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Grade 9 Science is a Pan-Canadian science course that aims to develop scientific literacy. Scientific literacy is an evolving combination of the science related attitudes, skills, and knowledge students need to develop inquiry, problem-solving, and decision making abilities; to become lifelong learners; and to maintain a sense of wonder about the world around them. We will be learning through readings, discussion, debate, experiments, activities, movies, art, song, reflection, questioning and more.
Reproduction: Cellular processes, asexual and sexual reproduction, genetic changes
Atoms and Elements: Lab safety, chemical changes/reactions, atomic theory, Periodic Law…introduction to the periodic table and the patterns found in the table
Electricity: Static Electricity, Current Electricity, Circuits, Use of Electrical Energy, Electricity and the environment
Astronomy: the beginnings of the solar system, composition and characteristics of the solar system, composition and characteristics of the universe.
Some special science items are:
• Bob Fournier Science Corner Questions: the first Wednesday of each month we will listen to Science Corner by podcast from CBC radio. The students must e-mail me their answers and a brief reflection of the topic of his talk. This covers a variety of science General Curriculum outcomes and often some Specific Outcomes as well.
• Science Problems of the month. These problems will be given each month and will be due on the M, W, or F which is closest to, and before the last day of the month. The problems will be based on specific outcomes which are covered in the units of Grade 9 science.
• Let’s Talk Science Program. Young scientists studying at Dalhousie will come and do various curriculum based activities throughout the year with students
• Students may have the opportunity to participate in the Brain Bee and other extra-curricular science challenges which may be held this year.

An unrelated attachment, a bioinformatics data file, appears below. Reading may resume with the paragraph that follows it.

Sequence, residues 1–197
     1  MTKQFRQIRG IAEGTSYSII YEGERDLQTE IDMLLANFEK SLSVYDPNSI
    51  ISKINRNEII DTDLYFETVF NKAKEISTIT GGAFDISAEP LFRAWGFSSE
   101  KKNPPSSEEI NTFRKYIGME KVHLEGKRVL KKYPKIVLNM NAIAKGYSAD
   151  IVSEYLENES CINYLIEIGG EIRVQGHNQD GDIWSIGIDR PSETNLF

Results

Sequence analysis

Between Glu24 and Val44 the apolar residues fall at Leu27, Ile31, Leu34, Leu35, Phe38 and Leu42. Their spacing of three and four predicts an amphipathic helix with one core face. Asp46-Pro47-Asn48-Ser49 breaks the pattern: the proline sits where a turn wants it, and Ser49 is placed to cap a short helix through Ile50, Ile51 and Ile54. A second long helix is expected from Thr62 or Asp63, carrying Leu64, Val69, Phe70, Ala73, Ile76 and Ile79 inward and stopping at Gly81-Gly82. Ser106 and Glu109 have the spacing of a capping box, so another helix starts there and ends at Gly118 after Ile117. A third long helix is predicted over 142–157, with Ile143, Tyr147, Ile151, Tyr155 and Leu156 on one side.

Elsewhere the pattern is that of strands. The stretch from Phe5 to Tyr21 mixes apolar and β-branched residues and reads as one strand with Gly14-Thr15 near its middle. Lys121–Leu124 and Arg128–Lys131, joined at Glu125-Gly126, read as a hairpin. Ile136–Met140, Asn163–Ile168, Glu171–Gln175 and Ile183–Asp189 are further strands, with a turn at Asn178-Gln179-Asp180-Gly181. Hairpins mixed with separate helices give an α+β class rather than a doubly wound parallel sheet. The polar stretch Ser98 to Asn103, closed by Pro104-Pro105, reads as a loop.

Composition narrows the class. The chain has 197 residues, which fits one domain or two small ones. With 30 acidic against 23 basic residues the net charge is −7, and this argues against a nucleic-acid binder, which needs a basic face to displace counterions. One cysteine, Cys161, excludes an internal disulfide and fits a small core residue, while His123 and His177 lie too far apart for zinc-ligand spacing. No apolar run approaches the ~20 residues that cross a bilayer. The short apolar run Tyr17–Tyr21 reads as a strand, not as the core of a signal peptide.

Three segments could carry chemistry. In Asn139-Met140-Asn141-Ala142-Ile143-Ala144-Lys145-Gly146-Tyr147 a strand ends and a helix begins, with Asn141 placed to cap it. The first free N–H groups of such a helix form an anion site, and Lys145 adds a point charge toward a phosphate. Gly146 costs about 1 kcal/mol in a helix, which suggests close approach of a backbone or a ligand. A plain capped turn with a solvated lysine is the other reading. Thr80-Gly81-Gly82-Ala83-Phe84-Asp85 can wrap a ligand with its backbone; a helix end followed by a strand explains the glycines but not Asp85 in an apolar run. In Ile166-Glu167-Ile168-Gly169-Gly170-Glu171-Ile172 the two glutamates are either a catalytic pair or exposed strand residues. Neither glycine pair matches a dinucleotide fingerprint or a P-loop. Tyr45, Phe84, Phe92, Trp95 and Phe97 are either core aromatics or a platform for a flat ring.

I am at Halifax Central on Monday, Wednesday and Friday only. I get there early each morning, usually well before 8am. You are invited to come for extra help on Monday, Wednesday or Friday morning from 8:15 until 8:40 or after school at 3:15. Students can just drop in any time before school, as long as we haven’t arranged a formal help class to help many with a specific topic…then you’ll have to come by 8:15 so you don’t disturb the learning and can join in yourself. Sometimes students come before 8 so they can get to another help session on the same morning. That’s fine, come on in, if I’m not in my room you can look for me in the photocopy room (staff room). Any other time you wish to get help, like lunch time, is fine…just let me know ahead of time so that I am in my classroom to meet you. My goal is for you to have a successful year in Science. Together we can make sure this happens.
It is expected that homework is completed and passed in by the required assigned time. It is important for learning; answers will be reviewed in the class after the work is due. If there is extra help needed to complete the work I encourage students to come prior to the time when the work is due, in the morning before school for example.
If you miss class
You have to get caught up. You are responsible to see me right away when you return to school, but please come outside of class time. Asking me during your next class is not the time to catch up; it’s time for new work. I am very willing to help a student catch up on missed work; please see the extra help times above. I will give you any handouts and homework—they should also be on my website. You will probably need to copy any notes from another student. Ask the class manager for copies of notes first (the person who carries the traveling register). If you need to come and do a lab, or require specific help, make arrangements with me.
If you miss a quiz or test and don't write it as soon as you return to school, you could get no grade for that evaluation. So don't let it go.
The responsibility for catching up is yours…you must catch up or you may miss outcomes and may lose evaluation for those outcomes on the term.
Materials required for courses:
Students must come to every class prepared to work…with calculators, pens, pencils, and binders with notes and extra loose leaf, reinforcements and textbooks. All materials must be brought every day. Special materials will be announced when needed.
Assessment and Evaluation:
Assessment and evaluation is done through observation, communication and the products produced by the students; all of these determine student success in meeting the outcomes. Part of the assessment in science will involve the ability to critically analyze and respond to lessons and ideas presented in class. Students will also be assessed and evaluated through a variety of ways, including, but not limited to, assignments, tests, quizzes, debates, research projects, presentations, lab work, group work, skill testing, activity sheets, interpretation and reflection on science readings, making connections between concepts and participating in science activities and more.